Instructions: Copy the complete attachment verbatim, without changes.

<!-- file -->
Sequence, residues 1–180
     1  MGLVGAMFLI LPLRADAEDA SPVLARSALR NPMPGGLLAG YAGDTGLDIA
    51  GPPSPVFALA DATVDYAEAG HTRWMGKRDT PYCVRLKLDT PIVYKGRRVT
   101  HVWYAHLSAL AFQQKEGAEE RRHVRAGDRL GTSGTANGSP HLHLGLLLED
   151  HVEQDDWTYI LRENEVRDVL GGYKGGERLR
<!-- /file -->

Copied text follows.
Sequence, residues 1–180
     1  MGLVGAMFLI LPLRADAEDA SPVLARSALR NPMPGGLLAG YAGDTGLDIA
    51  GPPSPVFALA DATVDYAEAG HTRWMGKRDT PYCVRLKLDT PIVYKGRRVT
   101  HVWYAHLSAL AFQQKEGAEE RRHVRAGDRL GTSGTANGSP HLHLGLLLED
   151  HVEQDDWTYI LRENEVRDVL GGYKGGERLR